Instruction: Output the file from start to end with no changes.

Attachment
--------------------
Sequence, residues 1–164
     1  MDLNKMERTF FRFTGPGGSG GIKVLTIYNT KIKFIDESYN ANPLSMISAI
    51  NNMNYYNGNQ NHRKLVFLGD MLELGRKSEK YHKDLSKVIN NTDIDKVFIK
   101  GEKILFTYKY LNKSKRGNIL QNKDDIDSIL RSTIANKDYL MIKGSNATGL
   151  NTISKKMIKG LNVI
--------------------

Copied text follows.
Sequence, residues 1–164
     1  MDLNKMERTF FRFTGPGGSG GIKVLTIYNT KIKFIDESYN ANPLSMISAI
    51  NNMNYYNGNQ NHRKLVFLGD MLELGRKSEK YHKDLSKVIN NTDIDKVFIK
   101  GEKILFTYKY LNKSKRGNIL QNKDDIDSIL RSTIANKDYL MIKGSNATGL
   151  NTISKKMIKG LNVI